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Stuff you need to know: 1. ADAMS/Car is very powerful and can be useful in the design of a vehicle, but it is not the kind of software you can learn in one day. Go through ALL of the tutorials before you even begin to use ADAMS/Car to analyze your design. 2. You don’t need to import any of your CAD drawings or solid models. ADAMS/Car uses three dimensional points to define the connections and links of a vehicle’s systems. The software will generate generic solids to represent each component such as shocks, pushrods, bell cranks, etc… The data you provide must include these pivot locations which are called hardpoints. Hardpoints define the key locations of the components like the spherical joints on a control arm. The tutorials will guide you through moving and defining hardpoints. Your CAD model will be necessary in providing 3D locations for all of the hardpoints. 3. Don’t start from scratch. Open an existing model (like the FSAE and Mini-Baja templates) and modify each component to match your design. You will move hardpoints, change spring properties, modify tire parameters, and define mass and inertial properties for your design. 4. After you have defined your suspension as best you can, you should run suspension simulations to verify the following: There is no interference or binding with any of your parts throughout suspension travel and steering travel, verify design parameters such as wheel rates, Ackermann steering, and roll center height. You should also see how parameters like bump steer and wheel rates change in certain dynamic movements. 5. After all of your suspension systems have been tested and verified, it can be helpful to run full vehicle simulations. This can be a lane change, a jump, a closed racecourse, or a skidpad. This will allow you to compare several different suspensions or just compare things like different springs, tires, suspension motion ratios, etc. The idea is to run a full vehicle simulation, change one parameter, then run the exact simulation to see if you improve outputs like max lateral accelerations or avoiding bottoming out over a jump 6. Know your limitations. Spring, tire, bushing, and shock models are very important, and can be derived from testing. Be aware that your model is limited by the accuracy of input data. 7. Watch your units. Always make sure the system and vehicle units are set to a form you are comfortable using. 8. While you are viewing anything within ADAMS/Car, it may be useful to alter your view of the objects on the screen. Holding down the “z” key while holding down the left mouse button and dragging the mouse will zoom in or out on the screen, depending on the direction you move the mouse. Doing the same with the “r” key will rotate the view. Likewise, the “t” key will translate the view. 9. ADAMS does not automatically let you browse for a file when you are opening something. If you are prompted to type the name of a file you wish to open, you can double click within the text entry field and a file browsing window will appear. 10. Log onto www.mscsoftware.com/university and register with their technical support so you have access to the latest FSAE and Baja templates and the online knowledge base forums.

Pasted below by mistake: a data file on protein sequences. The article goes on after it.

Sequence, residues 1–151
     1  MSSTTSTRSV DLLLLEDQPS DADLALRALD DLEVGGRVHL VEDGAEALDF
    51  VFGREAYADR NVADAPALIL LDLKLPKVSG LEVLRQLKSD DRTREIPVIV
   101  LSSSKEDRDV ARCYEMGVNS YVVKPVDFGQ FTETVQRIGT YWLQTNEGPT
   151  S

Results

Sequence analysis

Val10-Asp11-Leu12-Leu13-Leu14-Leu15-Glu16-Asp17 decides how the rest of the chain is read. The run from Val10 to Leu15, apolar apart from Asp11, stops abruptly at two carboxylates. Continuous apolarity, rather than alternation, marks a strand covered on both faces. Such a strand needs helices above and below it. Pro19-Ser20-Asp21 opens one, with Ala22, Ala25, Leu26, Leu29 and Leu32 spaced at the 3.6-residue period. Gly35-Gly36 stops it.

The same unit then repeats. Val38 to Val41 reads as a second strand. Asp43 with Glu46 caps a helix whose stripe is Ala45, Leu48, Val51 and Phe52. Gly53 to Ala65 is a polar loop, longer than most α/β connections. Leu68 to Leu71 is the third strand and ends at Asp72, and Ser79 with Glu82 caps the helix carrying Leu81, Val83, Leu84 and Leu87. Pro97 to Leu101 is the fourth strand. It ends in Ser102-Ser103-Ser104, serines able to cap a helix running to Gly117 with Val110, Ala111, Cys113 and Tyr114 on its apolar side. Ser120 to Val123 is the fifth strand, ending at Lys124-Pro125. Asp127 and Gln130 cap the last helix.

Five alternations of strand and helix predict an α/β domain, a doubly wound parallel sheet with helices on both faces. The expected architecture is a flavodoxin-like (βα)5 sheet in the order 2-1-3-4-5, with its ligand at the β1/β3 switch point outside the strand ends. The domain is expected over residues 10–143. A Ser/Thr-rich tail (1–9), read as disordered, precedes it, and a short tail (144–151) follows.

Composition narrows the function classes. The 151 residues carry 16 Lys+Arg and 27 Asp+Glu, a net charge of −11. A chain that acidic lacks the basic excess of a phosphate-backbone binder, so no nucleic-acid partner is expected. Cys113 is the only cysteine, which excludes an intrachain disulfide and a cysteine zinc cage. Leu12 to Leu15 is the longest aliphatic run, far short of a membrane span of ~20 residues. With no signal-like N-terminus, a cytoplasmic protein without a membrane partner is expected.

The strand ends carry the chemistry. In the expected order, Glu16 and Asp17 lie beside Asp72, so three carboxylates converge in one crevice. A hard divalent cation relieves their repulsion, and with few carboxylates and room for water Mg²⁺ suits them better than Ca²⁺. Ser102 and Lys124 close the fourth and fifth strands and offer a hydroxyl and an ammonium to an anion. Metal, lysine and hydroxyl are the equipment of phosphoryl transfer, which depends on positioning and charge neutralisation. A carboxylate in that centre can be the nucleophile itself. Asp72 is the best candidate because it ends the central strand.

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11. If you have questions, search the forums and help files for ADAMS/Car and look on the Mini Baja or FSAE forums. There are a lot of schools using this software to analyze vehicles, so more than likely someone has dealt with your problem before. 12. Utilize your sources of information. Inside of ADAMS/Car you can press the F1 key for information on entering data into dialog windows. To access the help files from inside ADAMS/Car click Help>ADAMS/Car Help. The help file has extensive information related to ADAMS/Car. When you register with MSC you will have access to the Knowledge Base and User’s Forum. The Knowledge base contains information on known issues. The User’s Forum is a user supported help group. Expert users from around the world routinely search new posts and provide help to others. University students are only permitted to post to the University Forums. Before using University Forums see the first two posts made by the moderator JRyan on using the forums and forum courtesies. Be sure to do your homework by searching all other information and other posts before posting. If you have exhausted all of your resources Dr. Sutton has access to MSC technical support. Requests for support will have to go through Dr. Sutton. 13. The university faculty representative (Dr. Sutton) has access to the training materials from the ADAMS/Car training course ADM 740. Dr. Sutton can provide you with copies. These materials go through all of the aspects of building models, modifying models, and simulating in ADAMS/Car. The Creating and Simulating Full Vehicles tutorial has been provided in the Appendix. 14. MSC advocates a Crawl-Walk-Run approach to simulations. ADAMS has a steep learning curve and it will take time to develop the skill and knowledge to do extensive modeling and simulation.